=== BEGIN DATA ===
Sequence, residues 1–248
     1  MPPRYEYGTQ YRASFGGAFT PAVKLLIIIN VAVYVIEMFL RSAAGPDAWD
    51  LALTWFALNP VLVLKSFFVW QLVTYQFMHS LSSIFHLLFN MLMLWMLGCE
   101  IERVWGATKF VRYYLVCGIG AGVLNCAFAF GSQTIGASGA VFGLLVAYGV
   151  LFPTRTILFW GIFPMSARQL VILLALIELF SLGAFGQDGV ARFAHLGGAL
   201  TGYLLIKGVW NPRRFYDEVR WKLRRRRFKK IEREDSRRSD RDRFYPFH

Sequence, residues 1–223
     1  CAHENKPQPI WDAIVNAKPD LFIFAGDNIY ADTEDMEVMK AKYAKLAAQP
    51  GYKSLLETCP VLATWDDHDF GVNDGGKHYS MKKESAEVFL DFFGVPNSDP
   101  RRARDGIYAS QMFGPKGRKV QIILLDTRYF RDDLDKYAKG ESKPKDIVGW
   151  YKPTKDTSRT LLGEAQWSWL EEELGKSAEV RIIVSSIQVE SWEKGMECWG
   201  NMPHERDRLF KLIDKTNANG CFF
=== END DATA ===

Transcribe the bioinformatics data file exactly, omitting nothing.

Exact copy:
Sequence, residues 1–248
     1  MPPRYEYGTQ YRASFGGAFT PAVKLLIIIN VAVYVIEMFL RSAAGPDAWD
    51  LALTWFALNP VLVLKSFFVW QLVTYQFMHS LSSIFHLLFN MLMLWMLGCE
   101  IERVWGATKF VRYYLVCGIG AGVLNCAFAF GSQTIGASGA VFGLLVAYGV
   151  LFPTRTILFW GIFPMSARQL VILLALIELF SLGAFGQDGV ARFAHLGGAL
   201  TGYLLIKGVW NPRRFYDEVR WKLRRRRFKK IEREDSRRSD RDRFYPFH

Sequence, residues 1–223
     1  CAHENKPQPI WDAIVNAKPD LFIFAGDNIY ADTEDMEVMK AKYAKLAAQP
    51  GYKSLLETCP VLATWDDHDF GVNDGGKHYS MKKESAEVFL DFFGVPNSDP
   101  RRARDGIYAS QMFGPKGRKV QIILLDTRYF RDDLDKYAKG ESKPKDIVGW
   151  YKPTKDTSRT LLGEAQWSWL EEELGKSAEV RIIVSSIQVE SWEKGMECWG
   201  NMPHERDRLF KLIDKTNANG CFF